I watched Derrick Jensen's talk on his book Endgame, Vol. 1: The Problem of Civilization.
It was fascinating. In the talk, he outlines the basic premises of his book, and he discusses why he discusses each of these things. He says he bashes everyone, every convention, every ideal, every idealogy - nothing is sacred, really, except the land on which we live. He said that one hasn't truly lived until one is chased by an angry mob of Buddhist passivists bent on violence.
His ending point was that we need to do something - that the time for passive inaction has passed and those of us who are aware need to do something. He says that the something will be different for different people, and not only do we need to allow these different responses, but we also need to accept that even the most radical responses are a necessary part of our necessary transition.
I can't say that I disagree with what he says, and while I know there are certain things I won't be doing, there's also a lot I can do ... and am doing.
Today, Deus Ex Machina showed me a link to this amazing project that related (in my, perhaps warped and crazy mind) to one of the points that Jensen made in his talk. He says, as our civilization continues its slide, most of the poor are going to be in a very bad situation. The rural poor will probably survive like the rural poor always have and do, but the urban poor - well, I won't repeat his exact word, but he says he liked that word, and it was interesting because it carried such a twisted double meaning: serving both as a word to state one's desire to engage in physical intimacy, but also to do great violence.
The reason, Jensen says, that the urban poor will be in such a difficult situation has to do with the fact that every thing they need to survive must be imported, bought and paid for. The fact is that a lot of urban poor already have difficulty for this very reason (anyone read A Tree Grows in Brooklyn). For the rural poor, there is an opportunity, at least, to grow food somewhere.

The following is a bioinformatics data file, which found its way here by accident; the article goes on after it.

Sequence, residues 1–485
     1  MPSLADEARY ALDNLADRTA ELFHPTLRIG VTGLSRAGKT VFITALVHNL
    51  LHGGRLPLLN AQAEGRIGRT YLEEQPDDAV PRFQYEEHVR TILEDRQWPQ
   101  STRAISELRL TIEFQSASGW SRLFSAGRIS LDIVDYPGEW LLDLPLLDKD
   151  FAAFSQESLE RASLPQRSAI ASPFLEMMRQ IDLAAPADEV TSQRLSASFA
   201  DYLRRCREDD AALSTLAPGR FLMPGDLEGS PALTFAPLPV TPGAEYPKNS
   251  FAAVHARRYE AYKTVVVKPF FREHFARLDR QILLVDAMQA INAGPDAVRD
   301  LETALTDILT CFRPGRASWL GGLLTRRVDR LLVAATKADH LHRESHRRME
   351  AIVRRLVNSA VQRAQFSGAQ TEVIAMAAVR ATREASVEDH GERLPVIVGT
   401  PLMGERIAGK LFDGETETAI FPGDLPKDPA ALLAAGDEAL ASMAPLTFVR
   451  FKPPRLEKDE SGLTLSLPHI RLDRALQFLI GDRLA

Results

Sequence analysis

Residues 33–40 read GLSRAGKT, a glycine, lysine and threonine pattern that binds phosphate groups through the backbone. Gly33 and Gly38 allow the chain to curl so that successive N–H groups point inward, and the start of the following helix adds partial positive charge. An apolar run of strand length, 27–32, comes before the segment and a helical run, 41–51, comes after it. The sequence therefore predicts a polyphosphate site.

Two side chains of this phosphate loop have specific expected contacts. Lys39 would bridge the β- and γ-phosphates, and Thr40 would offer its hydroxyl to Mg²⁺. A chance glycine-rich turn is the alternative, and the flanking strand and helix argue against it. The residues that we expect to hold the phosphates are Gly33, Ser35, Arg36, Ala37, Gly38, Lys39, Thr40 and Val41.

The project, called Freight Farms has the goal of changing the plight of the urban poor by offering them a way to grow their own food in portable units - old shipping containers in this case. Each unit would house a hydroponic garden, which would allow produce to be grown year-round, even in parts of the country (and world) where year round gardening isn't an option.
I'm fascinated with any project that brings more edibles to the urban landscape, and I am looking forward to seeing the first prototype of the Freight Farm.
Derrick Jensen may be right that our current civilization and those who run it won't "go gentle into that good night", and I believe he's also correct that we all need to be doing something - teaching or "rage"ing against - not the dying light, but the continued exploitation of the rest of the populace by a powerful minority.
I read a quote today, in of all places, the Coffee News that said: Power is the feedom people have within limits; strength is the freedom people have without limits. Power will always be restricted to a relatively small number of selected people. Anyone can be strong (James Carse).
If power is synonymous with control, we don't have to allow a small elite to have power (or control) over us. We can be strong ... and free ..., but, if Derrick Jensen is to be believed, getting to that point from where we are now - in our cushy little happy places - will be a struggle.
Projects like Frieght Farm could help us get there. If we take away the urban poor's dependence on Monsanto-raised-produce-in-a-field-somewhere-out-there-and-trucked-to-the-city, and allow them to produce their own, we wrest some little bit of power from the grasp of the few ... and we make the many a bit more self-sufficient, which is synonymous with "free."